At first I felt an impostor but, as my work has developed, I have grown in confidence. I have taken part in many more exhibitions since and enjoy talking to visitors and demonstrating my technique.
Looking closely at your subject matter
Tell us about your process from conception to creation
Most of my work starts with some sort of visual inspiration; something I have seen, or a piece of fabric which suggests an image to me. The key could be anything; a flower, a building, a creature, a landscape or a portrait.
I research my chosen subject, taking photos and looking closely at what I want to depict. I work hard to understand the essence of the subject matter, so I can interpret it and create my composition.
I never use sketchbooks but store this information in my mind, using photographs as a guide to help me measure proportions accurately. My sketches and subsequent development of a picture are always in fabric as part of the construction process.
I document my progression by posting vlogs on social media and YouTube, where viewers can get a glimpse of my process from the first tentative ideas to completed artwork.
Tell us a bit about your chosen techniques and how you use them
I begin a piece of work by cutting small scraps of carefully chosen fabric and pinning them onto a fabric background. I continue to cut pieces of fabric, pinning and layering them.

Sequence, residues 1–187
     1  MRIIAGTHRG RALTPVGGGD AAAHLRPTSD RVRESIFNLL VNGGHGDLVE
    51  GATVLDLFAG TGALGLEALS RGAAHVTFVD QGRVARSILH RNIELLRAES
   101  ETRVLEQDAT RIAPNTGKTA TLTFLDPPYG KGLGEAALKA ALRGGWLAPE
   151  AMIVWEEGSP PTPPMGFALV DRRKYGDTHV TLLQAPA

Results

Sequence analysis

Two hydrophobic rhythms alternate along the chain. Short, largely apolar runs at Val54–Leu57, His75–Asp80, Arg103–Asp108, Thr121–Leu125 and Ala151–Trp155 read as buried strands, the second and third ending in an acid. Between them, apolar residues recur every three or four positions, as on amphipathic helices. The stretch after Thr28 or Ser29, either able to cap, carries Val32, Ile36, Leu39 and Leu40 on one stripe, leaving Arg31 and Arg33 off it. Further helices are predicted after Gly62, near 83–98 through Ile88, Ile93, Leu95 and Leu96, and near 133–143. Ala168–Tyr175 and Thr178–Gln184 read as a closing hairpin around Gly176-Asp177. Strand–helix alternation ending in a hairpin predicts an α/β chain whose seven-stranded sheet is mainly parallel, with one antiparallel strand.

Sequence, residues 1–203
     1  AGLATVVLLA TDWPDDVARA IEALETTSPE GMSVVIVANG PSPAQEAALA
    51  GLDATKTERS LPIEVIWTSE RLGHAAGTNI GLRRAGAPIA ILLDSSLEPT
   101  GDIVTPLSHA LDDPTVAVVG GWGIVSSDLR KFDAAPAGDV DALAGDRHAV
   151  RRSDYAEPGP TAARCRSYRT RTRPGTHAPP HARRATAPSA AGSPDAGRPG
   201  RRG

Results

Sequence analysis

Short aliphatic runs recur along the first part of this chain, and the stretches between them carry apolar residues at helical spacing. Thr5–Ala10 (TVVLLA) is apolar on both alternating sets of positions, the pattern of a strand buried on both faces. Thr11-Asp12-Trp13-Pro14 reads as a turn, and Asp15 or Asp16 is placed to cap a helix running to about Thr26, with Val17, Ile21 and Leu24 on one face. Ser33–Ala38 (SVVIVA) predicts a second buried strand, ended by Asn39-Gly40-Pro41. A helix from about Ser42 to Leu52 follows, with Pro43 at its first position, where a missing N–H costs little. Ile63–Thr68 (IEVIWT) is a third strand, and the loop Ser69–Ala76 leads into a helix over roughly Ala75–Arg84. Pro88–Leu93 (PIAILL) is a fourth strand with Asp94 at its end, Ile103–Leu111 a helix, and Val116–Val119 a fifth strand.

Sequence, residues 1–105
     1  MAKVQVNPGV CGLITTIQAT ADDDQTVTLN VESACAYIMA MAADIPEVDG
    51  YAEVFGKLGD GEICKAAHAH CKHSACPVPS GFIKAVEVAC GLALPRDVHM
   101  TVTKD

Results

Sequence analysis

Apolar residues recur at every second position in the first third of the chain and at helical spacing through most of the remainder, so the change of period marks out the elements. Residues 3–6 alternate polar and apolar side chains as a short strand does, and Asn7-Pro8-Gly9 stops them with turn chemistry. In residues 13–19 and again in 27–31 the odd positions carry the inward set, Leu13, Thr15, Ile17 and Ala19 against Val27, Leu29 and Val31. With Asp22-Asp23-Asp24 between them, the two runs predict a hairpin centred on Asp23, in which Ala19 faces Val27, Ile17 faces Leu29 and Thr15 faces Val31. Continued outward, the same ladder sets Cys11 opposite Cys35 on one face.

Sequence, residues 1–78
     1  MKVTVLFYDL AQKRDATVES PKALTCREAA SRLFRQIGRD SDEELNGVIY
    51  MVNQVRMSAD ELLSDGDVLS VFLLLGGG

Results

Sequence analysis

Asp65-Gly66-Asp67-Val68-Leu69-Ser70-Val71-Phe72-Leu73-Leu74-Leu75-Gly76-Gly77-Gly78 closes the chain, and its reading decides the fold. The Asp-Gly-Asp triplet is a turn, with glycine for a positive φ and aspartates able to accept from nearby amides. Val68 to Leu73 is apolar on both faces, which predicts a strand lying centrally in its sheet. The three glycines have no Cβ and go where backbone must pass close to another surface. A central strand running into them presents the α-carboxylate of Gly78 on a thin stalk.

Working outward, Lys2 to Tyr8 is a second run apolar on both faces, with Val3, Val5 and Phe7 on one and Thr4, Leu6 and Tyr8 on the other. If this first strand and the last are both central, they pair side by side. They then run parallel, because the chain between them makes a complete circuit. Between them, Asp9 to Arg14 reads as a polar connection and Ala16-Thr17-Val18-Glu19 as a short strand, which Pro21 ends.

Once I am happy with the composition of layers I hand sew the materials together with little running stitches. I make sure that the edges are free for me to trim to the size and angle that I want. I use a grey thread and the knots and thread become part of the textures of the picture and blend in like shadows.
I find that by hand-stitching I have control over how tightly or loosely I pull the thread so that the many different weights and textures of the fabrics I use are not crushed.
I work standing at a full-size easel, which helps me see the image better as it develops. I also walk backwards and forwards to check coherence from a distance and at a close-up position.
The process of cutting, pinning and stitching are repeated until I am happy with the piece. Once it is finished, the picture is stretched over mount-board and laced across the back using a strong thread to keep it taut. The image is then ready for framing.